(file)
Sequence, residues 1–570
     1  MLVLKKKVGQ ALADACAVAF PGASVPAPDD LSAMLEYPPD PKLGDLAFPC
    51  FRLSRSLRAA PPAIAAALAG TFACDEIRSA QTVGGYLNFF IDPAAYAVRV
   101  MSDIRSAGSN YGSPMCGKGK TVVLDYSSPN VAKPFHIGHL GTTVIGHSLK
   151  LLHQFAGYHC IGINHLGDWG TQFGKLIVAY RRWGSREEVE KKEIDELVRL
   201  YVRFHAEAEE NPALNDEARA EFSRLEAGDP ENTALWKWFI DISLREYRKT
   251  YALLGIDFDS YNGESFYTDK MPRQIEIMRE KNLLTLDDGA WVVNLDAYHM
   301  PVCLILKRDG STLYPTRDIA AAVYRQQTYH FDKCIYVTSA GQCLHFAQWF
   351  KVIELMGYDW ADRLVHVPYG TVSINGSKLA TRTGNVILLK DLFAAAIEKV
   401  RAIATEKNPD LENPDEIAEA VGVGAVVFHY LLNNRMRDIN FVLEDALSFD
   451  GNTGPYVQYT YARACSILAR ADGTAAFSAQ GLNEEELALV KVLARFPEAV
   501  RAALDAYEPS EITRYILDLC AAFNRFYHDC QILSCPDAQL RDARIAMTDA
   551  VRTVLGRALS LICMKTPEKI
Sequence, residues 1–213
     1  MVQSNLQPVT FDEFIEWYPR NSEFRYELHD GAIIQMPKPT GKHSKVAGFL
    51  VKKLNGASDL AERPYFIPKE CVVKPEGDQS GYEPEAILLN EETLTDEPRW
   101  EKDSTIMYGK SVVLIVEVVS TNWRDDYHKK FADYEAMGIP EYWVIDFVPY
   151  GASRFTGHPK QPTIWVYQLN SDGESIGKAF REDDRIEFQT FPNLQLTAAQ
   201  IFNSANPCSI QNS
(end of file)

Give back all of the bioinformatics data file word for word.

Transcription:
Sequence, residues 1–570
     1  MLVLKKKVGQ ALADACAVAF PGASVPAPDD LSAMLEYPPD PKLGDLAFPC
    51  FRLSRSLRAA PPAIAAALAG TFACDEIRSA QTVGGYLNFF IDPAAYAVRV
   101  MSDIRSAGSN YGSPMCGKGK TVVLDYSSPN VAKPFHIGHL GTTVIGHSLK
   151  LLHQFAGYHC IGINHLGDWG TQFGKLIVAY RRWGSREEVE KKEIDELVRL
   201  YVRFHAEAEE NPALNDEARA EFSRLEAGDP ENTALWKWFI DISLREYRKT
   251  YALLGIDFDS YNGESFYTDK MPRQIEIMRE KNLLTLDDGA WVVNLDAYHM
   301  PVCLILKRDG STLYPTRDIA AAVYRQQTYH FDKCIYVTSA GQCLHFAQWF
   351  KVIELMGYDW ADRLVHVPYG TVSINGSKLA TRTGNVILLK DLFAAAIEKV
   401  RAIATEKNPD LENPDEIAEA VGVGAVVFHY LLNNRMRDIN FVLEDALSFD
   451  GNTGPYVQYT YARACSILAR ADGTAAFSAQ GLNEEELALV KVLARFPEAV
   501  RAALDAYEPS EITRYILDLC AAFNRFYHDC QILSCPDAQL RDARIAMTDA
   551  VRTVLGRALS LICMKTPEKI
Sequence, residues 1–213
     1  MVQSNLQPVT FDEFIEWYPR NSEFRYELHD GAIIQMPKPT GKHSKVAGFL
    51  VKKLNGASDL AERPYFIPKE CVVKPEGDQS GYEPEAILLN EETLTDEPRW
   101  EKDSTIMYGK SVVLIVEVVS TNWRDDYHKK FADYEAMGIP EYWVIDFVPY
   151  GASRFTGHPK QPTIWVYQLN SDGESIGKAF REDDRIEFQT FPNLQLTAAQ
   201  IFNSANPCSI QNS